Tuesday, July 27, 2004

I took this when our Land Rover broke down. While we were waiting for our other vehicle to come tow us, these kids just stood there silently watching us. Eventually they sat down, but apparently this was the most interesting part of their day, 4 mulungus (white people) on the side of the road.

Monday, July 26, 2004

Our house has a history

Apparently the house we live in was occupied by rebel forces during the civil war. Most of the villagers crossed the river, and this house and several others were used as command posts. People died in my house. That’s kind of trippy.

Somehow one government soldier got left on this side of the river. I don’t know if they forgot him or what. But he had a tank, and since the rebels had no weaponry to defeat a tank, he survived for about three weeks in his tank, just him and the rebels. It is said that he killed about three hundred people – a single tank in a town full of the opposition – before he was able to rejoin his own side. Now the tank sits destroyed from a land mine on the dirt road to the bridge, and the man is out of his mind.

Tuesday, July 20, 2004

Humorous in Mozambique

Someone asked me once what I find humorous in Mozambique. It took me a while, because many things are different, pleasing, tragic, or just plain interesting. But here's a few:

It's one thing to see a woman walking along with a bundle of wood or a basket of fruit on her head. But you have to chuckle when a woman walks by with a modern duffel bag on her head. A clash of cultures, a clash of times.

The other thing I find funny is the lever gates. They're manual! You drive up and the guard pushes down the heavy, stumpy end, and the lever goes up. Voila, why do we need electricity?

With so many vendors catering to tourists, if you don't want them hassling you, you better not give any indication of interest, not even look at them. This becomes hard when you're having coffee at a restaurant on the beach, and vendors obstruct your view of the beach, forcing you to avert your gaze. But it becomes funny when they're behind a wall, and all you see is a wooden cat bouncing along.

Coming up next time (maybe): "Reflections on the Mozambican movie theatre experience", and "The Art of Telephone Conversation with a 3-second Time Lag"... but don't hold your breath.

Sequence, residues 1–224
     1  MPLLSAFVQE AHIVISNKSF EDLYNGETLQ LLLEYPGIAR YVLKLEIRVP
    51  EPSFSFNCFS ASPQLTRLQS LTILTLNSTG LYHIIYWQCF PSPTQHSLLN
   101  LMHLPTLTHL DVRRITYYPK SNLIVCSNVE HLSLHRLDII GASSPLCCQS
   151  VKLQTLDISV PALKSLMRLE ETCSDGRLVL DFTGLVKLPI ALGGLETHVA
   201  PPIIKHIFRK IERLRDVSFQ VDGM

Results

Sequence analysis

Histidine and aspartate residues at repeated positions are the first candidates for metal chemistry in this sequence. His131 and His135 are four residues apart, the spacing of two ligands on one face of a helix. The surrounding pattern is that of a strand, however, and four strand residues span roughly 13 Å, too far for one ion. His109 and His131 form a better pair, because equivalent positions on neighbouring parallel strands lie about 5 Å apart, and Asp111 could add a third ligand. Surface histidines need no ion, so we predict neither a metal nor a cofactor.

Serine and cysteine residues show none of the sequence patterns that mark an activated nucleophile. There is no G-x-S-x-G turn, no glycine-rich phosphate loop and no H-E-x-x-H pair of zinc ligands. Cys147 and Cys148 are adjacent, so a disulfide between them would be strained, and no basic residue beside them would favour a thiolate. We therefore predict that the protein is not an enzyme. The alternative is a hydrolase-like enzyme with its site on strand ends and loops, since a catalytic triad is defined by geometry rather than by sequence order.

We've developed a saying, from last week when we were faced with the decision of whether to order a hamburger in South Africa (our only opportunity usually), or to wait until our expected BBQ the next night. We decided that "Until the hamburger is on your plate (or possibly even in your hand, the way things often go here), don't count on anything."

Tuesday, July 13, 2004

New Friends

I’m making new friends—two different women are teaching me Portuguese, and today I started the first English lesson with one of these women.

But my favorite friend is Estelio, age 3, I think. We have a whole pack of kids (all boys usually) that greet us every time we cross the street, asking for candy, balloons, or to have their picture taken. For some reason I can never remember their names, so I’ve asked each one 40 times and still only remember three of them. But Estelio, his was the first name I learned.

I write this to you because I woke up this morning from a dream that someone told me he had died last week while I was in Maputo. I laid in my bed racking my brain to remember if I had seen him since I’d come back, anything to prove it was only a dream. I finally could picture him sitting on our front stoop yesterday with a newly shaved head. Whew. So I took extra joy in watching him this afternoon strut down the street, dancing to the beat of the small parade singing the praises of Frelimo. (Why was there a march, you ask? Elections are coming up, and Frelimo is a major party, the founding party of independent Mozambique, in fact. And why was I able to witness this funny scene? The power was out for an hour or two, leaving us with not much to do besides hang around outside the office, leaning on the porch wall.)